meant, we may be sure that it was not On the accession of James of Scot- water, and that the good lady would land to the English throne, Jonson was have daily had numerous opportunities employed by the court and city to de- lto mix the poison with it. sign a splendid pageant for the mon- The five years which succeeded his arch's reception; and, with that ab- imprisonment carried Jonson to the sence of vindictiveness which somewhat height of his prosperity and glory. Duratoned for his arrogance, he gave his ing this period he produced the three recent enemy, Dekkar, three fifths of great comedies on which his fame as a the job.. About the same time he was dramatist rests, “ The Fox,” “ The reconciled to Marston; and in 1605 Silent Woman,” and “The Alchymist,” assisted him and Chapman in a come- — and also many of the most beautiful dy called “Eastward Hoe!” One pas- of those Masques, performed at court, sage in this, reflecting on the Scotch, , in which the ingenuity, delicacy, richgave mortal offence to James's greedy ness, and elevation of his fancy found countrymen, who invaded England in fittest expression. His social position his train, and were ravenous and clam- was probably superior to Shakespeare's. orous for the spoils of office. Captain He was really the Court Poet long beSeagul, in the play, praises what was fore 1616, when he received the office, then the new settlement of Virginia, as with a pension of a hundred marks. "a place without sergeants, or courtiers, We have Clarendon's testimony to the or lawyers, or intelligencers, only a few fact that “his conversation was very industrious Scots perhaps, who indeed good, and with men of the best note.” are dispersed over the whole earth. Among his friends occurs the great But as for them, there are no greater name of Bacon. friends to Englishmen and England, In 1618, when “Ben Jonson” had when they are out on 't, in the world, come to be familiar words on the lips than they are ; and, for my own part, I of all educated men in the island, he would a hundred thousand of them were made his celebrated journey on foot there, for we are all one countrymen to Scotland, and was hospitably ennow, ye know, and we should find ten tertained by the nobility and gentry times more comfort of them there than around Edinburgh. Taylor, the water we do here." This bitter taunt, which poet, in his " Pennylesse Pilgrimage probably made the theatre roar with to Scotland, has this amiable reference applause, was so represented to the to bim. At Leith,” he says, “ I found king, that Marston and Chapnian were my long approved and assured good arrested and imprisoned. Jonson nobly friend, Master Benjamin Jonson, at one insisted on sharing their fate ; and as Master John Stuart's house. I thank he had powerful friends at court, and him for his great kindness; for, at my was esteemed by James himself, his taking leave of him, he gave me a piece course may have saved his friends from of gold of two-and-twenty shillings' valdisgraceful mutilations. A report was ue, to drink his health in England.” circulated that the noses and ears of One object of Jonson's journey was to all three were to be slit and Jonson visit Drummond of Hawthornden. He tells us, that, in an entertainment he passed three or four weeks with Drumgave to Camden, Selden, and other mond at Hawthornden, and poured out friends after his liberation, his old his mind to him without reserve or mother exhibited a paper full of " lustie stint. The finical and fastidious poet strong poison,” which she said she in- was somewhat startled at this irruption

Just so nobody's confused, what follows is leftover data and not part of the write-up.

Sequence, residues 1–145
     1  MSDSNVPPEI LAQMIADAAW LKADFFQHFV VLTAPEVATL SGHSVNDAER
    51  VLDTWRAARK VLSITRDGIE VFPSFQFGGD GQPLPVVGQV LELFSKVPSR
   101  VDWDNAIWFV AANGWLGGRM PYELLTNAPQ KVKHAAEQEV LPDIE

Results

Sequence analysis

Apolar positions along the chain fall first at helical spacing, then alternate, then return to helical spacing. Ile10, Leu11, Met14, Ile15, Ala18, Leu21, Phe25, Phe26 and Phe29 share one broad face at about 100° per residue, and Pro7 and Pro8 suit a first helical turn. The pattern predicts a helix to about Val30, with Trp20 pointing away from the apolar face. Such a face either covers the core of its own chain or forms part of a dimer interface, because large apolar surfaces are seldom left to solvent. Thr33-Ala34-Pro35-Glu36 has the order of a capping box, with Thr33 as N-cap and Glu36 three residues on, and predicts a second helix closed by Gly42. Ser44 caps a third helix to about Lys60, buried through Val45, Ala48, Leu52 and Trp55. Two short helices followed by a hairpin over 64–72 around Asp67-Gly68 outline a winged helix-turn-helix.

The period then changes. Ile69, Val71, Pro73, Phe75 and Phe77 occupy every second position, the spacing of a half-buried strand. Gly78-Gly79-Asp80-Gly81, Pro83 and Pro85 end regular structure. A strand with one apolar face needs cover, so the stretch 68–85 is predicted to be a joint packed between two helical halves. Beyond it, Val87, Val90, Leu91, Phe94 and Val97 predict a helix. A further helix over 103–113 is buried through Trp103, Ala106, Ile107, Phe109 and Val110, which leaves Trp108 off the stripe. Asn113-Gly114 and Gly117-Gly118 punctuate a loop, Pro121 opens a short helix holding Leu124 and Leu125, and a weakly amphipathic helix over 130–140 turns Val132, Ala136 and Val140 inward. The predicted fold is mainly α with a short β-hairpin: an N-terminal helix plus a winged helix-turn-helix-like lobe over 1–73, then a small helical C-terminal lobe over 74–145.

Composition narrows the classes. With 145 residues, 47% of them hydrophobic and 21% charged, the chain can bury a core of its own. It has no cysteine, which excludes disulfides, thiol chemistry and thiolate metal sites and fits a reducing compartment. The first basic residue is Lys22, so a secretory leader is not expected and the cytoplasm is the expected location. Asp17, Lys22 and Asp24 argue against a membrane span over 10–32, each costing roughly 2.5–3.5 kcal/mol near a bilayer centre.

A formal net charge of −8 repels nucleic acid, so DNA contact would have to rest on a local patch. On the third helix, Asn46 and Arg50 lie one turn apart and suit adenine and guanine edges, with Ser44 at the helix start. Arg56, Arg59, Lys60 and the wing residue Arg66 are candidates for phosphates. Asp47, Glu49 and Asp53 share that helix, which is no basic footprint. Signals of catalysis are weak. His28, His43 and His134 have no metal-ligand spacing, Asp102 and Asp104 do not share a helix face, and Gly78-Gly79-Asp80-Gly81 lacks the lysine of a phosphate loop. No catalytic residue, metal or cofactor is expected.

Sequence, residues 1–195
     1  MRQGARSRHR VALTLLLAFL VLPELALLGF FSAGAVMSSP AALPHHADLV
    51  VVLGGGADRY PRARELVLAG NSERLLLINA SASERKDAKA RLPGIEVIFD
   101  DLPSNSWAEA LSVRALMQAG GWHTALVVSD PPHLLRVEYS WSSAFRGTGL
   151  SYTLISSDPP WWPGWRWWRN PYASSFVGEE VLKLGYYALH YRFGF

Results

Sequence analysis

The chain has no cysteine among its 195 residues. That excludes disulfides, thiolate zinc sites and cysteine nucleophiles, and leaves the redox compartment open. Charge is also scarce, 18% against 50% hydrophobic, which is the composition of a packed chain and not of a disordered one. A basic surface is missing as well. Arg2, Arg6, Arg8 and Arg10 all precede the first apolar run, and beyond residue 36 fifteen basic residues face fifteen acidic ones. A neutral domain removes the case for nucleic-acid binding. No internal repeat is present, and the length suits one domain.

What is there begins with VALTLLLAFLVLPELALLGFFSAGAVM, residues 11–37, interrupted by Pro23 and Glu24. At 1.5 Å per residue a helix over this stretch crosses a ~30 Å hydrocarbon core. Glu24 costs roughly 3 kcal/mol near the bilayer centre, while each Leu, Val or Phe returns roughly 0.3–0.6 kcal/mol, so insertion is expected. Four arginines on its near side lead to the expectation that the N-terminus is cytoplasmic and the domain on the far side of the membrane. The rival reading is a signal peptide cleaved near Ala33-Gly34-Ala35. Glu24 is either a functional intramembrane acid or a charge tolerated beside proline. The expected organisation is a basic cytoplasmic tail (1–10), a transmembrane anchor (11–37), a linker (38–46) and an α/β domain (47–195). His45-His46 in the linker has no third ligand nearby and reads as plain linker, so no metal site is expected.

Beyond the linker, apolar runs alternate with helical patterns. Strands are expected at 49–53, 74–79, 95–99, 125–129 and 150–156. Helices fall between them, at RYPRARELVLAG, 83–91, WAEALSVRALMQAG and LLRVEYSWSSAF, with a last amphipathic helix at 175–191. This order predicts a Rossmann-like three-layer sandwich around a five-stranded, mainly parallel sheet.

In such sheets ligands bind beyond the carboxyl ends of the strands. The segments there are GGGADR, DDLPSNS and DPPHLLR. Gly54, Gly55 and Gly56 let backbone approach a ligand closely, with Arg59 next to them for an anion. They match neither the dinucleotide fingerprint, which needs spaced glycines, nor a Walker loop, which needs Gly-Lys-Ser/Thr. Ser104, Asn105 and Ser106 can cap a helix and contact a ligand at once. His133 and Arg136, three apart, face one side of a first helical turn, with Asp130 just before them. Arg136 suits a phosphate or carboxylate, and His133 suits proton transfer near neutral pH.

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of his burly guest into his dainty soli- befall him; for he would not flatter tude ; took notes of his free conver- though he saw Death.” Queen Elizasation, especially when he decried his beth is the mark of a most scandalous contemporaries; and further carried out imputation, and the mildest of Ben's the rites of hospitality by adding a remarks respecting her is that she caustic, though keen, summary of his “never saw herself